By 8 AM, almost all of the survivors had been pulled from the river. The flooded Eastland settled to the bottom of the river, its starboard side still out of the water. Then came the gruesome task of locating and removing bodies. Seven priests arrived to administer Last Rites, but there there was little work for them. 844 had perished. Twenty-two entire families died in the tragedy.
By Noon, divers finally reached bodies that had been trapped underwater in the portside cabins. They seemed to be mainly women and children who’d come in from the rain. Stretcher-bearers traversed the hull as stiff bodies were carried out, sometimes two bodies stacked on a stretcher as they ran out.
By Sunday, the next day, the magnitude of the disaster was most apparent in the Eastern European immigrant communities. House after house was draped in black crepe as weeping families sat inside mourning. By Tuesday, all of the bodies lying in the armory morgue had been claimed.
On Wednesday, July 28th, Chicago was a city of funerals.
So many were scheduled that there were not enough coffins, hearses and gravediggers, working 12 hours a day. By day’s end, almost 700 Eastland victims had been buried. In the days to come, an estimated half a million people arrived to view the Eastland and the disaster scene. Boat owners charged 10 cents to ferry the curious past the floating wreck, lying like a beached whale in the river.
Affixing blame for the accident began quickly. Eastland Captain Harry Pedersen, chief engineer Joseph Erickson and other senior crewmembers were taken into custody on Saturday, in part to protect them from the angry relatives of the victims. Two trials resulted from the Eastland disaster.
Charges were brought against the ship’s officers and owners for criminal negligence and manslaughter. Those charges were changed however by the presiding judge to conspiracy to operate an unsafe ship. The verdict eventually handed down was that All Parties were found to be Not Guilty, as no conspiracy could be proven. Although evidence strongly suggested the crew had been negligent, no officers were prosecuted.
Another poor outcome was the pay-out to the victims’ families. A second civil trial was to determine the extent of the liability of the ship’s owners and crew. This trial was not completed until 20 years later. The court determined that the chief engineer was to blame for not maintaining the ballast system. Erickson died as the proceedings dragged on and that made him a convenient fall guy.
By Maritime Law, pay-outs to the victim’s families was limited to: the value of the Eastland wreck (around $50,000) minus what the ship’s owners had to pay for raising the Eastland from the river (about $35,000) minus the cost of the coal, and even the picnic concession company. All creditors had to be paid first. In the end, victims and families received little or nothing. Any money they received came from Western Electric and the Red Cross.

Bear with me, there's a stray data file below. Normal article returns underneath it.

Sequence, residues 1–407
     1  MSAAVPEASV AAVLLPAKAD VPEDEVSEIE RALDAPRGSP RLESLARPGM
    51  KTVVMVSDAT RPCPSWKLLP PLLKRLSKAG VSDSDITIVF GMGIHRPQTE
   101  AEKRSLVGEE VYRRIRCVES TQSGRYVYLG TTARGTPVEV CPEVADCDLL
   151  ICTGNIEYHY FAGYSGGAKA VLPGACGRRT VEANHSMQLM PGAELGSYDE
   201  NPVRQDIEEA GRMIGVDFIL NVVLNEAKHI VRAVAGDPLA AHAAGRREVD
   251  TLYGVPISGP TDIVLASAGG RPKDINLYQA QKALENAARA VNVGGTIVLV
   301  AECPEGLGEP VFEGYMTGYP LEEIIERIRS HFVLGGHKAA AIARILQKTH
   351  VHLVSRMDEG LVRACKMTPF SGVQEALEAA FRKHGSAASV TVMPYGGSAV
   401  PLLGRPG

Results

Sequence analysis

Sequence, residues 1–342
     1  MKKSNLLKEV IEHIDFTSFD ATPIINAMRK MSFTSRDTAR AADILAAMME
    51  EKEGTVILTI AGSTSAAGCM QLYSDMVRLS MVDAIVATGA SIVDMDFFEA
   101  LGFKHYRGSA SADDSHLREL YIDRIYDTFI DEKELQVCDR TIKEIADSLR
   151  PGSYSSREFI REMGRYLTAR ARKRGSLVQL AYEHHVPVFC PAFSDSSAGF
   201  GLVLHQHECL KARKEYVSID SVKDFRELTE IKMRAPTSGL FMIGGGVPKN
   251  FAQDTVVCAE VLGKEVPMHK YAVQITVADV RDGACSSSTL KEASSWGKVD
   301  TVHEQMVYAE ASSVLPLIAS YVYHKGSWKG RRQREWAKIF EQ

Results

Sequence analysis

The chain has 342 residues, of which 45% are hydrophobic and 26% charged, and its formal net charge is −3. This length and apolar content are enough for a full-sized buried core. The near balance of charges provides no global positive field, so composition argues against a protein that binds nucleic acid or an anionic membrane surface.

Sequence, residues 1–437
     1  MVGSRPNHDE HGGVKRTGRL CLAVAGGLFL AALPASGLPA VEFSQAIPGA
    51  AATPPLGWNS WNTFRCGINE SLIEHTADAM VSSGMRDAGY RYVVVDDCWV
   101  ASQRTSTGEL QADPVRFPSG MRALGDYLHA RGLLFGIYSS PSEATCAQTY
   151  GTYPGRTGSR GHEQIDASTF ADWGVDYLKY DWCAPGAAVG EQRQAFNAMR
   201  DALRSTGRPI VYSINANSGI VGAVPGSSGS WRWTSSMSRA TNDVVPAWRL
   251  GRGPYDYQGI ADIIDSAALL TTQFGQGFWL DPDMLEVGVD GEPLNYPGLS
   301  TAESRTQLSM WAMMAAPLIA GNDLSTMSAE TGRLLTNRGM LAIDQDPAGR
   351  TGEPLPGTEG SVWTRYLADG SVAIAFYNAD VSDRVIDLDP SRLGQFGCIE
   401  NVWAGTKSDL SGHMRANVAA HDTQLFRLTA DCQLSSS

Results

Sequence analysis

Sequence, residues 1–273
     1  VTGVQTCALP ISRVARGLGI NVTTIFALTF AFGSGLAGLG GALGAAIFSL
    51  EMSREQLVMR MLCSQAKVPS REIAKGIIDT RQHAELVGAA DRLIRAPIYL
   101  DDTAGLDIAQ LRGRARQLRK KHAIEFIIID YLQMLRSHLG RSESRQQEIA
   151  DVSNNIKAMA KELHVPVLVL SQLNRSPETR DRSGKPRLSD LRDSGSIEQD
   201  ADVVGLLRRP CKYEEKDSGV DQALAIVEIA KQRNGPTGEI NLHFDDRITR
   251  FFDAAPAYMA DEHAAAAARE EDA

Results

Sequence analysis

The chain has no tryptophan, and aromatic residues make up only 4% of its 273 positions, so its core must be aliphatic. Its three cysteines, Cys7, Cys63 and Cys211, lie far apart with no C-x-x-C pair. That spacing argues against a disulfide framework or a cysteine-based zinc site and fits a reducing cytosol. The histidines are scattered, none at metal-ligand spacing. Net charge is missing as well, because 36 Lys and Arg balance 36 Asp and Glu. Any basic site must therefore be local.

As to why it happened, experts concluded it was a poorly designed, unstable ship, with a bad ballast system, mismanaged by the crew, that had been rendered top-heavy as a result of the post-Titanic safety measures to add lifeboats, then overloaded with 2,500 passengers. The disaster was a tragedy that was essentially waiting to happen. It wasn’t a matter of if it would capsize, but really a matter of when.
The SS Eastland was pulled up from the river by it owners and repaired. Renamed the USS Willimette in 1920 it was converted into a naval reserve training vessel. Following World War II, in 1947 it was carved up and turned into scrap metal.
Just 10 weeks before the Eastland disaster, the Lusitania was torpedoed and sunk, with a death toll of 785 passengers. In 1912, 829 passengers had died when the Titanic struck an iceberg. 844 Eastland passengers died on a city river, just feet from the dock in 20 feet of water. Seventy percent of them were under the age of 25. Despite the immense loss of life, little attention has been given to this disaster historically, compared with those other more famous, albeit lesser, maritime disasters, or even the Great Chicago Fire.
Why? you might ask. It’s really quite simple. There wasn’t anyone rich or famous onboard the SS Eastland, no popular stage actors, wealthy industrialists or famous socialites. It was all poor, hardworking, immigrant families that few cared about outside the working class streets of Chicago. A full listing of all the victims names can be found at eastlanddisaster.org/people.